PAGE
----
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Dowling: On becoming a citizen

09/29/09 5:55PM By Leora Dowling
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(HOST) Recently, commentator Leora Dowling witnessed an event where she felt an old-fashioned surge of pride in this country and its people.

(DOWLING) It was Constitution Day - also known as Citizenship Day - and I was on my way to work at the Shelburne Museum, where a special naturalization ceremony was to be held on the steamboat, Ticonderoga.

The ceremony began at 2 and from my post on the Ti I could see the soon-to-be-citizens arriving; they stood out in their best dresses, their jackets and ties.  Some had time to tour the boat and I talked with a young man from Scotland and another from India, a woman from China, and one from Lithuania who told me her daughter had been born here.

All were excited, and I was excited for them.

It takes years to become a naturalized citizen.  Secretary of State Deb Markowitz commented on the process in her opening remarks noting that each person being sworn in had displayed commendable perseverance, intelligence and desire as they maneuvered through the complicated immigration system - and passed a written test that many of us who were born here would likely fail.  These attributes, she rightly said, are just what America needs in all its citizens.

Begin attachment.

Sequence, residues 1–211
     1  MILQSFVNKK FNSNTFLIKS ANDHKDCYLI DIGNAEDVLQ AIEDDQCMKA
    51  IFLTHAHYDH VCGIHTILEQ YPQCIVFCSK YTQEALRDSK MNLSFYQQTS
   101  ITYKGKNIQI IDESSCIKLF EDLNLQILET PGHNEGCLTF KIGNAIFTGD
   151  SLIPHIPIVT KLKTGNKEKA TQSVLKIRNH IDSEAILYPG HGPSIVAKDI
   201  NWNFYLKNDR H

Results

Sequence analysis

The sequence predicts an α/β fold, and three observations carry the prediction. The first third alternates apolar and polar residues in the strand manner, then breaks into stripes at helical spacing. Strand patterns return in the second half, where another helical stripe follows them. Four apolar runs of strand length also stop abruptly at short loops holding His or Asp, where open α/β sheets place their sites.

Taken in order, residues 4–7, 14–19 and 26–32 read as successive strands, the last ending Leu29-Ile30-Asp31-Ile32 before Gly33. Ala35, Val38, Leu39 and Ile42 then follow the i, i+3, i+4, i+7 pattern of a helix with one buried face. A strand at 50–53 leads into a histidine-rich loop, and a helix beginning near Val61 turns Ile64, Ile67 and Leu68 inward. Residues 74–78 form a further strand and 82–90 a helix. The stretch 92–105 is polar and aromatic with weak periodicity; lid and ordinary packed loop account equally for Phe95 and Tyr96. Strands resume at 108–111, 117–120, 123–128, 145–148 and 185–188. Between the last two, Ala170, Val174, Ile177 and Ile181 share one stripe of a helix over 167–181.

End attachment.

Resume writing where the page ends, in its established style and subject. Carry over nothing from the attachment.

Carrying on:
Judge William Sessions, who presided over the ceremony, spoke of the mixed emotions he knew some were feeling. He said it was natural to still love your homeland even if it is plagued by war and poverty. And he acknowledged that each of them had walked a unique path, one that had brought them here to Vermont, where on this bright, breezy afternoon they were about to swear allegiance to a new flag and a new nation.

He asked them to raise their right hands and repeat, in unison, a pledge of commitment to the United States and renounce all other national ties.  Then each new American was called forward to get official documents and congratulations.  Proud family members or friends took photos, which I know have already been sent to Bangladesh and Bosnia over the Internet. One encounter will always stay with me: a much older woman wearing a bright pink blouse sat in the front row, beaming.  Her eyes were bright as she made her way down the receiving line, heartily shaking hands and saying "thank you" - rather loudly - in a thick East European accent. I can only imagine her story.  After the ceremony when I went over to say hello she just pumped my hand and said "thank you" over and over again.  Then she suddenly reached out and hugged me tight.  There were no more words. We were both in tears. Others were crying too - tears of joy, accomplishment, relief, possibility and pride.

Even for those who had lived in America for years it felt like a new beginning.  I know I felt like a kid again.

(TAG) You can find more commentaries by Leora Dowling on line at VPR-dot-net.
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